• wim Thursday, May 24, 2012

      @guest2 I am sorry to hear about your experience. Please do email me details and I can follow up as that's not supposed to ever happen. I can assure you I will follow up on it. But I'd need some specific info as to what happened. please do let me know.

    • wim Thursday, May 24, 2012

      @guest3 re crs.

      CRS is a product that's part of the Oracle database solution stack. It's not "part" of Oracle Linux. Its a commercial offering for which we grant free use for customers under a support contract.

      CRS has nothing to with ocfs2 - they do not talk to eachother they 're independent. ocfs2 has its own clusterstack built in that's specific to the filesystem and is part of oracle linux and part of the mainline kernel. CRS is not needed at all to use it.

      if you want to do general purpose HA then you would not need to use ocfs2, and crs is a separate product. hope that helps

    • wim Thursday, May 24, 2012

      @guest1 hm ok :)

    • Adrie T Friday, May 25, 2012


      Thank you for your explanation about CRS an OCFS2. I still get the impression that OCFS2 needs CRS as the cluster manager. Could you give a documentation reference about building general purpose HA with OCFS2 ?


    • wim Friday, May 25, 2012
    • wim Friday, May 25, 2012

      also, again, if you want to just do generic HA. you do -not-need ocfs2. ocfs2 is a cluster filesystem part of oracle linux (and linux in general) CRS is a general purpose clusterware that by itself can run on any OS really where we run oracle real application cluster. if you install CRS. you don't need ocfs2. if you use ocfs2, you don't need crs. if you just want to manage/monitor an application for HA purposes, you can use crs. and ignore ocfs2 (ie use nfs for instance).

    • Adrie T Friday, May 25, 2012


      I just found this article http://wiki.sysconfig.org.uk/display/howto/Clustered+Filesystem+with+DRBD+and+OCFS2+on+CentOS+5.5

      Can I refer this as an example of building a general HA system using OCFS2 without CRS ? Those article talked about O2CB, I can not found a reference about this O2CB in Oracle documentation. Is this O2CB still valid and current ?


    • wim Friday, May 25, 2012

      o2cb is part of ocfs2 and is the internal heartbeat code. this makes ocfs2 HA but it will not automatically start/stop applications.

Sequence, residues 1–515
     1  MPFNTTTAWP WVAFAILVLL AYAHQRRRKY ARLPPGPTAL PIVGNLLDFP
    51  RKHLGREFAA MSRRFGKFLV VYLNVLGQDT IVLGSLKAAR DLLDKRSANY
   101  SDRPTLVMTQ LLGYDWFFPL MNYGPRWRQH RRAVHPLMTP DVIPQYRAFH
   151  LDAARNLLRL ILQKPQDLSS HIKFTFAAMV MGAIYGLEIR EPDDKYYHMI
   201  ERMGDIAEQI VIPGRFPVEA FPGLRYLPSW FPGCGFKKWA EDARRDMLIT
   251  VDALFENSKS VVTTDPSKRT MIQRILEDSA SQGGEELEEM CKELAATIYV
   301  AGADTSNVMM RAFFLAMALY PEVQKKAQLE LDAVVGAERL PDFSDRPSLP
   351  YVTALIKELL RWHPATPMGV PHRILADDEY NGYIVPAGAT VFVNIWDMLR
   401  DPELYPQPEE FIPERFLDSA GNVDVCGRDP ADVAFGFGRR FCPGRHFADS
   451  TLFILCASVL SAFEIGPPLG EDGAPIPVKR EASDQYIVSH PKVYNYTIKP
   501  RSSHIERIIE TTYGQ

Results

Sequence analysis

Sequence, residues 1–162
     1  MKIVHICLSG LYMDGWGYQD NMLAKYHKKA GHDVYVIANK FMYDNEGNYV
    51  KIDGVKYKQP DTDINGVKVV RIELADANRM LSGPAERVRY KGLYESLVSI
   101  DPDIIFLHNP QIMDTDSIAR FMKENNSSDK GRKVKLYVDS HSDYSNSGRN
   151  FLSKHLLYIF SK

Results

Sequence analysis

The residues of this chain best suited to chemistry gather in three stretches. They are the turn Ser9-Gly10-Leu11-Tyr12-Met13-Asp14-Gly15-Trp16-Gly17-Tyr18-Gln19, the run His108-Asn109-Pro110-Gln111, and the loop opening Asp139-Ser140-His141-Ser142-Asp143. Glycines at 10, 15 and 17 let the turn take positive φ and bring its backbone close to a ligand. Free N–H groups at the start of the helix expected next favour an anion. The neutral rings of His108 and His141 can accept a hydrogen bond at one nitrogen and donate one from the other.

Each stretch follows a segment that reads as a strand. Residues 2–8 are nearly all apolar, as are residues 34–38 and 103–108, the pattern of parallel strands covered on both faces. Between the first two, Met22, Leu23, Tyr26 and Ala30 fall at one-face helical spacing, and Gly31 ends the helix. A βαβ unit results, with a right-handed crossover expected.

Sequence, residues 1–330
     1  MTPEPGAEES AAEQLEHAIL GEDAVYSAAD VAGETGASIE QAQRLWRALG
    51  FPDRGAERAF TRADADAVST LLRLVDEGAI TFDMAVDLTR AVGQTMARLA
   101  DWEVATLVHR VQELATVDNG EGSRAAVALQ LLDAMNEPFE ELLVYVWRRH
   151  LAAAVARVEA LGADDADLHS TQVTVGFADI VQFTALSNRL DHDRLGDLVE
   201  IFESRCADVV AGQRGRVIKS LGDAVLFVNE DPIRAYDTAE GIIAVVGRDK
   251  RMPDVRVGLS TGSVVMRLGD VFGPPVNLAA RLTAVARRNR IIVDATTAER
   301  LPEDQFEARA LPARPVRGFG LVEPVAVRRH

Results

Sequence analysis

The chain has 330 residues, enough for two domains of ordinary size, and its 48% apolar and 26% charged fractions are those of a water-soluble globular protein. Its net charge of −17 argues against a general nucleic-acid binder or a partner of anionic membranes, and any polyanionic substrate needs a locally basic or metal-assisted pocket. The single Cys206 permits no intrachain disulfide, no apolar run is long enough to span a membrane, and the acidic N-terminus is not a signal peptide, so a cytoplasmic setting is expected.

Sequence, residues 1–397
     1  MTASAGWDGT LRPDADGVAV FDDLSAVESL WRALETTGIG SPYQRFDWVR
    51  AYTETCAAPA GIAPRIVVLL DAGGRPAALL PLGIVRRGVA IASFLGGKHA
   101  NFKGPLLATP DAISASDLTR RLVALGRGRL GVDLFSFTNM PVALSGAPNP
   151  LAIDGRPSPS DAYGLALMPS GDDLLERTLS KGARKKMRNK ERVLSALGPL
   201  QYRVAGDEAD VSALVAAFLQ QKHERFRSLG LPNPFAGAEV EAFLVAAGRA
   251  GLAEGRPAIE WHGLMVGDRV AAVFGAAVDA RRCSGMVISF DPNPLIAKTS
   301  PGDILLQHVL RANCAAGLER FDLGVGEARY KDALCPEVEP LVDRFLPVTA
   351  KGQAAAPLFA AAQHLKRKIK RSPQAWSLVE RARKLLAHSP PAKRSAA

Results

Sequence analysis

• wim Monday, May 28, 2012


      not sure what you are trying to go for.

      1) we created a cluster filesystem many years ago, ocfs2, which we contributed back to the kernel. this filesystem is a general purpose cluster filesystem that includes a clusterstack (dlm/nodemembership/heartbeat) that's very specifc to dealing with the filesystem - it 's small and does the job well.

      2) we have our traditional oracle products, like the oracle database, unrelated to linux, the oracle database product has a feature/product called real application cluster. Part of RAC is a clusterware that's designed for the database but -also- can handle other applications. As part of the port of the database including RAC to linux, this is also ported and it is possible to monitor/manage other applications.

      3) normally. to use that clusterware you need to run at least an oracle product in the cluster. in the case of Oracle Linux customers, we allow people to use this clusterware without the need to run another oracle product in the cluster.

      that's is all there is to it. this is not a linux extension, this is not a product that's linux specific or oracle linux specific. this is a standard oracle product. that's also ported to linux.

    • guest Wednesday, June 13, 2012

      Hi Wim,

      Can I ask you about Oracle ASMlib and Redhat 6 please.

      Oracle seem to be forcing customers to install the UEK(2) on their RHEL 6 systems if they want to use the ASMlib, can you tell me why this is, please and will the position likely change?